Teaching the mystery

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When many of his disciples heard it, they said, ‘This teaching is difficult; who can accept it?’ But Jesus, being aware that his disciples were complaining about it, said to them, ‘Does this offend you? Then what if you were to see the Son of Man ascending to where he was before? It is the spirit that gives life; the flesh is useless. The words that I have spoken to you are spirit and life. But among you there are some who do not believe.’ For Jesus knew from the first who were the ones that did not believe, and who was the one that would betray him. And he said, ‘For this reason I have told you that no one can come to me unless it is granted by the Father.’

Because of this many of his disciples turned back and no longer went about with him. So Jesus asked the twelve, ‘Do you also wish to go away?’ Simon Peter answered him, ‘Lord, to whom can we go? You have the words of eternal life. We have come to believe and know that you are the Holy One of God.’ Jesus answered them, ‘Did I not choose you, the twelve? Yet one of you is a devil.’ He was speaking of Judas son of Simon Iscariot, for he, though one of the twelve, was going to betray him. — John 6: 60-71

Jesus has been teaching again, this time not just the twelve disciples but other Jews gathered around him. He was speaking in metaphor, talking about himself as the bread of life that had come down from heaven. The crowd was confused and so were the disciples, so confused that they complained that the teaching was too difficult, too hard to understand much less accept. The usual twelve seemed to have that problem quite often, but this time, some disciples and even some of the crowd found it too much to handle and beat feet.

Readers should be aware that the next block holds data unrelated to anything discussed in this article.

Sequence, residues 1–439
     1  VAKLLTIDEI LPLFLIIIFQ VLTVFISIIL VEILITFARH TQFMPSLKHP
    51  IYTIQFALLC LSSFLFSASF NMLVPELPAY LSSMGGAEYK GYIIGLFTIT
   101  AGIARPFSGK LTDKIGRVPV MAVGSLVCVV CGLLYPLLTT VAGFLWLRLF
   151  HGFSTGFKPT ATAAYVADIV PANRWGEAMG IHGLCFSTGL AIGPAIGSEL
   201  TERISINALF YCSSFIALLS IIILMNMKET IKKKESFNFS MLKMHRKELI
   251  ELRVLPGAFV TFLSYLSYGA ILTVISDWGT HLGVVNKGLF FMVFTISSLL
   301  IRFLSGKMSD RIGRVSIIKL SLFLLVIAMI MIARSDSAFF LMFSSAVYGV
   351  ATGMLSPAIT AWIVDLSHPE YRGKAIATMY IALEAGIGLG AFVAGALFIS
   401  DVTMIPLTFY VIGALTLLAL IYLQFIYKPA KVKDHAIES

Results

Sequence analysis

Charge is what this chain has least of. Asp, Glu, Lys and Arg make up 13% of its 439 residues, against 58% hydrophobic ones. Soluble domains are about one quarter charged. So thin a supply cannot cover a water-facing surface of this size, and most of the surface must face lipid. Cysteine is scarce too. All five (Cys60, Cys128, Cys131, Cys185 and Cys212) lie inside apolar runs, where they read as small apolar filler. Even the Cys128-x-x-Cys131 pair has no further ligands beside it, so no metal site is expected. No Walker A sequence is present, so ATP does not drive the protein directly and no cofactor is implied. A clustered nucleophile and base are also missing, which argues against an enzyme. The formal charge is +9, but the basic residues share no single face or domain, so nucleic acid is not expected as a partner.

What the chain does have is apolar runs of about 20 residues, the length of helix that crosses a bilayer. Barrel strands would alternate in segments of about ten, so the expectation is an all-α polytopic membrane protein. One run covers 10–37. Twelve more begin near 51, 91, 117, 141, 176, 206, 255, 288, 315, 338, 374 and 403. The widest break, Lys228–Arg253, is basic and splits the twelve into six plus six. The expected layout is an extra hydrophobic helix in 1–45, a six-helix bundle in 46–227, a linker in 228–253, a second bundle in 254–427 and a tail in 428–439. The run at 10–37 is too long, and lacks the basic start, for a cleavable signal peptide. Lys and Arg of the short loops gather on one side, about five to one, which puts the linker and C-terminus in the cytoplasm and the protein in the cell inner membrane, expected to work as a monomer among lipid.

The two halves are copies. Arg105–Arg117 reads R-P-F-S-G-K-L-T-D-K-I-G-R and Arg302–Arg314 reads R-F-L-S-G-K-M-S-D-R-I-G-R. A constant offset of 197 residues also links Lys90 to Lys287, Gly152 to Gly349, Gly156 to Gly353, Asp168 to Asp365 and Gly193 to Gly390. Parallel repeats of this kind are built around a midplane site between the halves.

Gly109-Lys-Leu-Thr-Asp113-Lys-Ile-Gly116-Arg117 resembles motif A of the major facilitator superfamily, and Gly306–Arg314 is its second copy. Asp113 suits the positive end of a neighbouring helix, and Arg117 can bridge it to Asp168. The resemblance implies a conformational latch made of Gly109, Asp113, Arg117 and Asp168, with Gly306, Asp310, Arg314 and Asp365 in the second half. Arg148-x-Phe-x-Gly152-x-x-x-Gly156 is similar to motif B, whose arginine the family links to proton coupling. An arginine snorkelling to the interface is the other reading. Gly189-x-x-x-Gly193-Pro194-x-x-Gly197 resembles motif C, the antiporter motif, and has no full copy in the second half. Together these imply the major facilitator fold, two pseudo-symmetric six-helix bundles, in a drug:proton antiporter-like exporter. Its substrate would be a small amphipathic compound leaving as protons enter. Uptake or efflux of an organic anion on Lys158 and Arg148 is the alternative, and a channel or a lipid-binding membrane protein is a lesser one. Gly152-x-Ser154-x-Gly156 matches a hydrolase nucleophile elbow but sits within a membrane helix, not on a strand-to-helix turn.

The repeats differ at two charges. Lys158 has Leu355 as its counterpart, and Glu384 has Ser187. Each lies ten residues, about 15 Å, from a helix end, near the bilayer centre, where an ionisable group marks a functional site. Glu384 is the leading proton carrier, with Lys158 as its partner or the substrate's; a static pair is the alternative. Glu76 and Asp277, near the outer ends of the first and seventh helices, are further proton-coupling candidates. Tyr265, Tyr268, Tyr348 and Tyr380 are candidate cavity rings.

Maybe it’s trivial, but I had the same feeling in algebra class in high school. The teacher might as well have been talking Hittite or declaiming in Greek pentameter for all the sense I could make of equations. If I could have beat feet myself, I would have, and for much less a reason than having my teacher proclaim himself as having come down from heaven and would return there. No, my adoptive father said I had to take the class, the school said I had to take it and so I sat in algebra and tried to make sense of the incomprehensible. I have full sympathy for the disciples who must have felt the same but under very different and more life-affecting circumstances.

Why would Jesus deliberately speak so metaphorically? In a way, it’s like free kittens. Just because something is advertised as free doesn’t mean it isn’t going to end up costing something — or even a lot of something. Free kittens need cat food, litter, toys, trips to the vet, all things that cost money. Jesus knew that lessons that came too easily didn’t allow for growth and growth was what the disciples had to do in order to understand and then to teach others. Like the algebra teacher, Jesus had to make the brains work because parroting answers without understanding how they came to be the right answers didn’t help anybody. There were going to be questions asked, and the students would have to understand the subject in order to teach others.

You know, it’s still a hard teaching. Every time we take the Eucharist we are taught that this is the Body of Christ, yet how can the body be a thin, flat, cardboard-like wafer? It’s a mystery, yet we believe that somehow, some way, it really is what we are told it is. We, products of an advanced scientific and literate society, can’t figure it out, yet we look somewhat scornfully at disciples more than 2000 years ago who couldn’t figure it out either. We, like Peter, can profess our faith, but as far as really understanding intellectually what it is we are professing, we don’t always understand it any more than most of us can figure out quadratic equations. Still, it is the belief that matters, whether we fully understand it or not.

Come to think of it, life without a few mysteries would be awfully dull, wouldn’t it?

Linda Ryan co-mentors 2 EfM Online groups and keeps the blog Jericho’s Daughter

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